Doctor Strange Review: Marvel Warps Reality, Still Feels the Same

I can’t remember a better opening scene to a Marvel movie. We see the film’s villain, Kaecilius (Mads Mikkelsen), rip a few pages out of a CGI-infused textbook and escape through a portal of sparks that transports him to the streets of New York City. But hot on his tail is the Ancient One (Tilda Swinton), who overpowers Kaecilius’ minions with ease while turning a Manhattan alleyway with power equivalent to solving a Rubik’s Cube while looking through a translucent kaleidoscope. It’s stunning, weird, and, for the first time in a while, unlike anything we’ve seen from Marvel before. This teaser brings on the mystic corner of the Marvel universe, a goal that just might be the only thing on Doctor Strange‘s mind.

Next, we meet Doctor Stephen Strange (Benedict Cumberbatch), an arrogant surgeon that the film takes on a heavily overstated arc of ridding himself of his ego. There’s a horrific car crash that, through the unstable magic of suspension of disbelief, only leaves Strange’s hands unusable. A surgeon is ripped of his tools, but there’s a higher power in the mountains that just might heal him. And so the barebones superhero origin progresses, though a bit more rushed than we’re used to.

Director Scott Derrickson keeps Marvel’s fourteenth feature moving at a brisk pace, largely at the sacrifice of his supporting cast. We only really get a sense of who Strange and the Ancient One really are, with the talent put on display for Mordo (Chiwetal Ejiofor), Christine (Rachel McAdams), and Kaevilius criminally underutilized. Marvel has always had a villain problem, frankly, but at least Mikkelsen has the screen presence to make up for what the script lacks. More troubling, however, is the lack of attention on the rest of the cast. Christine is a far cry from Pepper Potts or even Jane Foster, while Mordo’s role only really comes together in the asterisk of an end-credits scene. This is a fresh problem for a film from Marvel Studios, and one they’d be best to correct for the next origin story.

Cumberbatch, meanwhile, isn’t quite the blown-out-of-the-water perfect casting revelation that Robert Downey Jr., Chris Evans, Chris Hemsworth, Mark Ruffalo, or even Paul Rudd were, but he’s a competent actor in a starring role here that might prove more useful as a supporting one when Avengers: Infinity War eventually hits. Faring best here is Swinton, who feels riskily off-brand in this sort of big studio tentpole. But she combines the sheer power of a superhero with the light, fluffy tone Marvel has always gone for with the slightly left-of-center tone the film is desperately trying to capture. She’s the best thing about this otherwise run-of-the-mill Marvel movie.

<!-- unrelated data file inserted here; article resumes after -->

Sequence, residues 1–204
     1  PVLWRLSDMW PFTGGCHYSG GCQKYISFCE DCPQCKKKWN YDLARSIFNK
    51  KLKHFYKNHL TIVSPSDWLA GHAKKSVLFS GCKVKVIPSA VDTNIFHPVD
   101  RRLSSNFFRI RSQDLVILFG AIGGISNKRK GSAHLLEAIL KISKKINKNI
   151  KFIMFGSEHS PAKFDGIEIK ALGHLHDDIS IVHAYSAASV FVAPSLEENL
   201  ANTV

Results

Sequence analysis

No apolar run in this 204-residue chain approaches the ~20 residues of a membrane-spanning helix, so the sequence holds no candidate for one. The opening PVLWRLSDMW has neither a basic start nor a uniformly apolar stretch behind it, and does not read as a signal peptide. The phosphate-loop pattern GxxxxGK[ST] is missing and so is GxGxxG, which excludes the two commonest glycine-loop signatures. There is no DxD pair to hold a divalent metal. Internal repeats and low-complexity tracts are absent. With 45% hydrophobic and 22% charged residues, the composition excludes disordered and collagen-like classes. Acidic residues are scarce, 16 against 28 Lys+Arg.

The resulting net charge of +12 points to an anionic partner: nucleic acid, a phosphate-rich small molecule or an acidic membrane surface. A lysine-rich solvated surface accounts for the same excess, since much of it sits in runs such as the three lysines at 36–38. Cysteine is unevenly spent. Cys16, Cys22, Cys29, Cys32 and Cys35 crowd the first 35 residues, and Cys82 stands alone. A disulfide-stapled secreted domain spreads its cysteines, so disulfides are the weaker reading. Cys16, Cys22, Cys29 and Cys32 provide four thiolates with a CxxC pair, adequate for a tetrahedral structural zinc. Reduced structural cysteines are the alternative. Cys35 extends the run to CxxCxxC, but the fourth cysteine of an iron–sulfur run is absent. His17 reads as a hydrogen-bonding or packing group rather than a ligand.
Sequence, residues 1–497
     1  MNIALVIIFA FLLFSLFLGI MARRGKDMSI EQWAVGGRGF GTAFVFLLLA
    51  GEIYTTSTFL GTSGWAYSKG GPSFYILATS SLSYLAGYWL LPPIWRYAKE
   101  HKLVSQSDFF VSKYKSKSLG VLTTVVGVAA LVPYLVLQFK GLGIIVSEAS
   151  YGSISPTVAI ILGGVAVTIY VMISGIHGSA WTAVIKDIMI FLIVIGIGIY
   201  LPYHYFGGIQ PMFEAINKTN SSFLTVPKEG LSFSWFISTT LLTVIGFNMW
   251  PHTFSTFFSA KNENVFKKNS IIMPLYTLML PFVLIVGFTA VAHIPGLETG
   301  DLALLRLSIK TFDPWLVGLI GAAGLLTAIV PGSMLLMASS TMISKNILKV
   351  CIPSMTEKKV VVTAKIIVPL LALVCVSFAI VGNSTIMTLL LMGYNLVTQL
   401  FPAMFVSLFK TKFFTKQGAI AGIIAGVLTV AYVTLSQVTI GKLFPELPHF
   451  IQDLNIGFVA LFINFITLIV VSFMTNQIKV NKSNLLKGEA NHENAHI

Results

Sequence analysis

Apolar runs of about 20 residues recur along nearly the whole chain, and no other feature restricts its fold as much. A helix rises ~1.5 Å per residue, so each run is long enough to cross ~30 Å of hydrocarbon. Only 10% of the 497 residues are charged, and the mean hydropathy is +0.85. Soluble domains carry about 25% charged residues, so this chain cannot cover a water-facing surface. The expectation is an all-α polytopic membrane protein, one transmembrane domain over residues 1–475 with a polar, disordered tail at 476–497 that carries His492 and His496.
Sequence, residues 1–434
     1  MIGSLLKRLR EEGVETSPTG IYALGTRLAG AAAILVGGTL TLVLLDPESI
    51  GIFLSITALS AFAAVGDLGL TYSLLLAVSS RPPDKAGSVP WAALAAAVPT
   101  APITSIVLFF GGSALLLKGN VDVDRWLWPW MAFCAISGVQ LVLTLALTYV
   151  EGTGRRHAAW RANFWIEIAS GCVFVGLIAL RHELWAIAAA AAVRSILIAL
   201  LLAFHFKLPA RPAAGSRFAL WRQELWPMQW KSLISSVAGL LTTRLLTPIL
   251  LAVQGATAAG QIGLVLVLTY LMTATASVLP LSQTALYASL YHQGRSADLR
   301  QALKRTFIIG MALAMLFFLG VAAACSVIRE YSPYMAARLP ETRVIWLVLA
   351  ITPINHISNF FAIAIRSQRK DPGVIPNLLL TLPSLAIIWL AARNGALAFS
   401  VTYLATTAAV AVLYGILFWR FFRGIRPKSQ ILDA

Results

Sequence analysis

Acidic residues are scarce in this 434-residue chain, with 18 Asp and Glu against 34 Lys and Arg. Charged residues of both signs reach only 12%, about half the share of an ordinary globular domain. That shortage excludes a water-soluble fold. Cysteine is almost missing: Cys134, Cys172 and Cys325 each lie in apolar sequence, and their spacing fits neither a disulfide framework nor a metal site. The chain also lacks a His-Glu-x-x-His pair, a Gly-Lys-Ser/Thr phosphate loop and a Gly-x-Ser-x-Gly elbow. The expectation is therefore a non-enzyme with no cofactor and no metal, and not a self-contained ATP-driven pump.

But then, Marvel has now spent almost a decade spoiling us with great superhero films that, more often than not, stand strong independently but still weave together as a cohesive whole. Doctor Strange is definitely on the lower side of the studio’s spectrum, but it’s got its pleasant bits. The overall arc of the film may not be fresh, but it still works. Far fresher are the mind-bending set pieces, especially a late second act turn that takes the concept of the opening scene and expands it to the entire island of Manhattan for a visually arresting, seemingly LSD driven chase sequence. With the comedic well running drier than usual on this entry, it helps that we’re getting literally a whole new realm for where superhero action can go. That might be enough for most audiences, and that’s fine. The lack of dramatic heft in Doctor Strange is hardly indicative of Marvel slowing down. Just six months after Captain America: Civil War proved just how hard of an emotional gut punch it can deliver, Marvel still gets a pass for the unremarkable yet completely watchable additions to the franchise that are released between the true showstoppers. And there’s got to be one of those on the horizon, with Guardians of the Galaxy Vol. 2Spider-Man: Homecoming, and Thor: Ragnarok all hitting theaters in 2017. Until this theory is proved wrong, Doctor Strange can just be a slight misstep in the grand scheme of things. There will be more missteps, but there will be more showstoppers too. Grade: B-

By Matt Dougherty

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